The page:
It's classical music for the "Guitar Hero" generation - a way to compose and perform at the same time, with infinite variations.    That's right, you can be Ludwig van Beethoven (except not deaf) and perform his Ninth symphony, armed with a laptop and a midi system that samples different tones, processes them, and sends them back in ever-changing variations.  And an orchestra, if that helps.

You can call it “Ode to Joy 2008” because the basic theme is instantly recognizable but you can alter it in real-time, with ever-changing variety.

Unfortunately for old Ludwig himself, this musical vision comes 200 years too late, but you can still play with Beethoven’s works and you can do it with a completely new instrument: a computer program for the processing of sound, where the actual act of composing is an integral part of the instrument itself. And where the composition takes place simultaneously with a performance, in real time - live, as it is called in music-speak.

Beethoven never had it so good.  This new computer program makes the actual act of composing an integral part of the instrument itself and can be done simultaneously with a performance, in real time. Illustration: Line Halsnes/NTNU Info

The developer is 36 year old Øyvind Brandtsegg, from the Norwegian University of Science and Technology (NTNU).  Brandtsegg is a composer, a musician and computer programmer. The instrument is his PhD research.

It's a sound generator but he calls it a particle synthesizer. It takes a stanza – a guitar riff, a verse line, a drum solo, or any recorded sound – and splits the sound into a number of very short sound particles that can last for between 1 and 10 milliseconds.   These fragments may be infinitely reshuffled, making it possible to vary the music with no change in the fundamental theme.

“It’s easy to change a bit of music into something that can’t be recognized. It’s the opposite that is the challenge: to create variations in which the musical theme remains clear,” says Brandtsegg.

Brandtsegg says he has created a new link between composition and improvisation with his new instrument, a way to rediscover the energy of a piece in a new and (perhaps) better form.  He’s doing  something that jazz musicians have always done; they have a composition as the foundation, and then they go on stage and play variations on the basic theme.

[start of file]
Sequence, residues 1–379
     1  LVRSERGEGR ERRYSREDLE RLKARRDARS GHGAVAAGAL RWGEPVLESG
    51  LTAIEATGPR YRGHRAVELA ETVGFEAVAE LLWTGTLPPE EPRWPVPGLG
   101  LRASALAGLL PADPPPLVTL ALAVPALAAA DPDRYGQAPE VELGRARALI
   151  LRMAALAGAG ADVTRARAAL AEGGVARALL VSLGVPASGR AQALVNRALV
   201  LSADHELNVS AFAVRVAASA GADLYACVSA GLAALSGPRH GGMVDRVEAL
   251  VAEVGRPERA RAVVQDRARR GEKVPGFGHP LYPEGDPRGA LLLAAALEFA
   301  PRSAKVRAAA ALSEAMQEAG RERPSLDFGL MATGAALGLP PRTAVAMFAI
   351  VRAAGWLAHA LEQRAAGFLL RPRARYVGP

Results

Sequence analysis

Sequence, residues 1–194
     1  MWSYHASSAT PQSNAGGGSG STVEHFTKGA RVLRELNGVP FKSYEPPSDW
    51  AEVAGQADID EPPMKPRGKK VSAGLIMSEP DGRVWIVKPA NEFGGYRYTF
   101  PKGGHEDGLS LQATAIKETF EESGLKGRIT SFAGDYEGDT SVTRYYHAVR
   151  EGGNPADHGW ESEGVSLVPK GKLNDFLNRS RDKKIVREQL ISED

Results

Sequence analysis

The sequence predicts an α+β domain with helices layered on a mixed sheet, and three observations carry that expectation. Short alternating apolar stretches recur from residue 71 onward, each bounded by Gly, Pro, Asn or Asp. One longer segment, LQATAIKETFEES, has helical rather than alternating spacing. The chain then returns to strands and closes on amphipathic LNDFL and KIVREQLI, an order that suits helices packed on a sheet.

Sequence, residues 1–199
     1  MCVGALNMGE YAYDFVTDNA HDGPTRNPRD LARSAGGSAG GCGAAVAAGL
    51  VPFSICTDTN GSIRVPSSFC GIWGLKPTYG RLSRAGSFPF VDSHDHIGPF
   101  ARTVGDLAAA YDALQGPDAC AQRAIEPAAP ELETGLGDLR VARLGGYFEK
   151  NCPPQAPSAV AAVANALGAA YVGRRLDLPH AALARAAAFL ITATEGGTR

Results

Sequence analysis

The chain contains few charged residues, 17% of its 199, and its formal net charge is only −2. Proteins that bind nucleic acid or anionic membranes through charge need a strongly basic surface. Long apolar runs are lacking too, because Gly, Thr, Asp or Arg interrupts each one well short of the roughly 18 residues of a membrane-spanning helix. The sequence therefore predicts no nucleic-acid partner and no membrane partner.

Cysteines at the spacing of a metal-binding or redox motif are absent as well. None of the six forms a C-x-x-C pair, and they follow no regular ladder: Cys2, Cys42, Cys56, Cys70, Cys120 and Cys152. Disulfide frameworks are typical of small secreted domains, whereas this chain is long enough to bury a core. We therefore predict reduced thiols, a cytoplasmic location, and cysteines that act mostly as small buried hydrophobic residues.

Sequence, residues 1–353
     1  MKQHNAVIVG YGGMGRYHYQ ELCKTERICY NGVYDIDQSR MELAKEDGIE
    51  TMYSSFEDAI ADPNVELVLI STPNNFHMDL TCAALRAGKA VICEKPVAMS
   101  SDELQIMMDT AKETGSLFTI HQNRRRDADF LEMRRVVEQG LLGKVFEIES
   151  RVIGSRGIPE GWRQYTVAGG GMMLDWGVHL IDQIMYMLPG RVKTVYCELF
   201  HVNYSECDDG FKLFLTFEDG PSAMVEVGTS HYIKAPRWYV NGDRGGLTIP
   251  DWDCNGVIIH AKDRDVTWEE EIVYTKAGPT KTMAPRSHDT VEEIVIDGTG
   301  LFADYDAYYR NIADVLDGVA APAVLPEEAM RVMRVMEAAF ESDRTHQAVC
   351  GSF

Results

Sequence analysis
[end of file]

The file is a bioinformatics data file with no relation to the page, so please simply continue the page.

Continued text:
But though it sounds like blasphemy, there are limits to what even Louis Armstrong can coax out of a trumpet. “This instrument allows me to expand the musical palette with new tonal variations and timbres. It is also the first time that the actual composition process can be controlled in real time”, Brandtsegg says. 

Work that previously required paper, pencil and many hours can now be done in the blink of an eye, with an instrument on stage, says the composer. This allows for new ways of thinking about music composition.  Brandtsegg himself is a graduate of the jazz programme at the NTNU Department of Music.

“Here I learned to improvise in the traditional way, but I wanted more. I understood that in order to achieve my goal, I had to learn about computer programming, and understand electronics”, he says.

Along the way, he has developed ImproSculpt, software that make it possible to sample surroundings during a presentation, and to control the process using a body sensor. He also plays the Marimba Lumina, a percussion instrument that has been electronically modified so that the player can alter the sound by the way he or she strikes the instrument.

In his efforts to develop his new computerized instrument, Brandtsegg has had to seek help elsewhere at the university. Scientists at the Department of Computer and Information Science have assisted him with its software architecture, and the acoustics group at the Department of Electronics and Telecommunications has helped with the development of particle synthesizer.